The British secondary market remains active in the sale of Wimbledon tickets, despite years of study and attempts by UK officials to quash it.
Numerous brokers in Great Britain are reselling tickets to matches at the All England Club event this year, and even British newspaper The Daily Mirror has its own ticketing company involved in reselling tickets from fans who are unable to attend the matches, which are now in the second week.
The Mirror’s Web site details three ways in which Wimbledon fans may access tickets for the matches this year, two of which include the purchase of resold tickets. Buyers can spend long hours in line at the venue to purchase tickets for the day’s events; they may purchase debenture tickets, which includes an all-day Club entrance with lounge access; or they may search for returned tickets sold through the Mirror Tickets Web site.
Viagogo, a top secondary ticketer based in the UK, is currently reselling Wimbledon debenture tickets. Edward Parkinson, director of viagogo UK, told TicketNews that ticket demand remains high for the premier event in tennis. He adds that this year’s matches hold a special appeal for British fans: “Wimbledon is a high-demand event, especially when a British player progresses through the first and second rounds. At viagogo, we have seen that when [British player Andy] Murray wins a Wimbledon match, demand for tickets increases – every time he wins, ticket prices for the men’s final jump higher.”
Considering Murray’s performance through the tournament, Parkinson is unsure just how high prices can go. “Tickets for the men’s final are currently trading at £8,500 but if Murray wins his fourth round match today (June 28) and goes through to the quarter finals, we expect some seats will go for twice this!”
However, Graham Burns, chairman of the Association of Secondary Ticket Agents in the UK, is alarmed by what he sees in the resale market for Wimbledon this year. Burns describes a recent incident in which questionable practices by Trade Brokers, or those who provide tickets to other brokers, combined with higher ticket demand arising from the allure of a new retractable roof over Centre Court, have led to ticket prices spiraling out of control.
“This event will go down in ticketing history as one of the biggest
disasters this century”, Burns told TicketNews. “Genuine brokers are really struggling to fill their orders and there is no sign of a break. It is crippling some of the smaller businesses.”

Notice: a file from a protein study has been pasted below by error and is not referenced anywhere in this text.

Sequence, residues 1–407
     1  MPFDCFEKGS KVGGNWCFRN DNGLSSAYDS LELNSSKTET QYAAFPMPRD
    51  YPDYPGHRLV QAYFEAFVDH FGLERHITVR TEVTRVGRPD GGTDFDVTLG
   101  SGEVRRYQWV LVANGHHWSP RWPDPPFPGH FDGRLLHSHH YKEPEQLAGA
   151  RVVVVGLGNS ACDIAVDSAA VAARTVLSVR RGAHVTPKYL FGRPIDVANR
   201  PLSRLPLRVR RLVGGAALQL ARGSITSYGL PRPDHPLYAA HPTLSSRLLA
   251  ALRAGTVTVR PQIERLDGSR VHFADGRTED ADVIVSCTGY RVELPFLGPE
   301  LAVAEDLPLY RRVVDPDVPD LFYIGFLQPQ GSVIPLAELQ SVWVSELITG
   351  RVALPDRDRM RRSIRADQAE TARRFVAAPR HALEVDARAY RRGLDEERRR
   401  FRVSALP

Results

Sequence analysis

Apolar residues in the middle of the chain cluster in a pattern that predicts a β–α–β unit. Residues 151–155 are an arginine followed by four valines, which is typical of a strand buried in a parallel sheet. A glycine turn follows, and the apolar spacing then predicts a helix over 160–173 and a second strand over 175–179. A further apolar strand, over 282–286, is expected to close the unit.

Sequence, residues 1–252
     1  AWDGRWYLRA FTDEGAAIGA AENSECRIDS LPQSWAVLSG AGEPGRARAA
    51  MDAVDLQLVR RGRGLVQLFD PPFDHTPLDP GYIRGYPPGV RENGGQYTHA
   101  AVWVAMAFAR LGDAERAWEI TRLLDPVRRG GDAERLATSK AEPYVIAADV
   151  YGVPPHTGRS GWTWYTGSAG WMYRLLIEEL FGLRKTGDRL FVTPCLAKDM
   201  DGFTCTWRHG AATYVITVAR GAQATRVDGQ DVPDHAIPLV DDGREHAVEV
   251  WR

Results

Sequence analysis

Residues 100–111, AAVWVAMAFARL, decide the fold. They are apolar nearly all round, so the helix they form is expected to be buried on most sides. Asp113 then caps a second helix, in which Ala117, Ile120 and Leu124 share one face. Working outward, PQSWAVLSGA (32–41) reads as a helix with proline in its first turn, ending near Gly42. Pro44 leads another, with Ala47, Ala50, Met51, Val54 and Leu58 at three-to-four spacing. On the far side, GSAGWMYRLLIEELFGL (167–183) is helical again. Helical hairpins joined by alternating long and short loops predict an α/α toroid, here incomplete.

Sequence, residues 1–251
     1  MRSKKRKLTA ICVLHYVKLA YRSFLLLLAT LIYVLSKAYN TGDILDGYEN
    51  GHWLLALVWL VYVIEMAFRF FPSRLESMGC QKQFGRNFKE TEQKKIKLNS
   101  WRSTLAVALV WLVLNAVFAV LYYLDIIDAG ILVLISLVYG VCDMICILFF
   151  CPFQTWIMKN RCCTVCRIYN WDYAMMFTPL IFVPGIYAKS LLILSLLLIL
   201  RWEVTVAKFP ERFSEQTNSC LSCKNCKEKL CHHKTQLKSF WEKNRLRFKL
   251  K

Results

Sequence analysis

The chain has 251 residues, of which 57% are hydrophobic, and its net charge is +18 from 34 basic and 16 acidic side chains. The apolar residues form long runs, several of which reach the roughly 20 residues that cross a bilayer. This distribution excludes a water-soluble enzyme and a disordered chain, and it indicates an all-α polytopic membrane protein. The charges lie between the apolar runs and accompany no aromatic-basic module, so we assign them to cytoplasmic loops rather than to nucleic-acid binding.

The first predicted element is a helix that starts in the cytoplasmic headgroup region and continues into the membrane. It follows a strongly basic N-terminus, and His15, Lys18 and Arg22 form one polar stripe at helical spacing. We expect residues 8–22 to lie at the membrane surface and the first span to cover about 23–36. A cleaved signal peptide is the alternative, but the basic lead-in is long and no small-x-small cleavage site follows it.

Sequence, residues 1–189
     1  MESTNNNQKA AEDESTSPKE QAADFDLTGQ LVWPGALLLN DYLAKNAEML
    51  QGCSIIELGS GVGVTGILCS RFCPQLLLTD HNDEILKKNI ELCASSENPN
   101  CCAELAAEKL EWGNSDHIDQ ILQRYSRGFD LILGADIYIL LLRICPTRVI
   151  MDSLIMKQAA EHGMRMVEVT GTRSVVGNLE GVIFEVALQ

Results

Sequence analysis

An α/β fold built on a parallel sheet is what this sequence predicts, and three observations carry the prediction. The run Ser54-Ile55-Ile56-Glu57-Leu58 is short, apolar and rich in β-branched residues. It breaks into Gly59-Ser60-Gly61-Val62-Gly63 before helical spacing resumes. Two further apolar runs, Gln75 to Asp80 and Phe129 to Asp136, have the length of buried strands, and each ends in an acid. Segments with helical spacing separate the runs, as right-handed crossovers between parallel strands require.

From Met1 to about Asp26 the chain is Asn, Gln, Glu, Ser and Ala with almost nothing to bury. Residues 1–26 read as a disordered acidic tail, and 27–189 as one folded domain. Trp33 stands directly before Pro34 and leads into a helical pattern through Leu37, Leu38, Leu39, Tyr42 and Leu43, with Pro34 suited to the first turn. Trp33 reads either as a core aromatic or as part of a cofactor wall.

According to Burns, even some primary ticketing avenues are experiencing turmoil this year. He cites a development in which, for the first time ever, ballots (a kind of lottery for ticket buys where one stakes a place in a virtual queue) are being traded on the market. This trading is driving ballot prices higher than debentures, historically the most expensive tickets.
“As are most genuine brokers, I personally do not know anyone who is supplying tickets to Wimbledon this week who is making any money at it. Sadly… for the forthcoming week, the industry is a victim of itself.”
Of course, as in other countries, the practice of secondary selling itself has come under great scrutiny in Great Britain. In the past four years, the subject of resale has been studied by the country’s Department for Culture, Media and Sport (DCMS) and the CMS Select Committee on four separate occasions.
The 2007 study, while acknowledging the unscrupulous activities of a number of scalpers, or “touts”, recommended only a voluntary adjustment by sellers and declined to regulate the market.
The government’s most recent study investigated the positives of excluding the secondary market from a number of events with national significance, such as the Wimbledon event and World Cup play. The study’s report, released in February of this year, again failed to recommend market regulation and, even backed off on proposing voluntary measures addressing resale for these national events.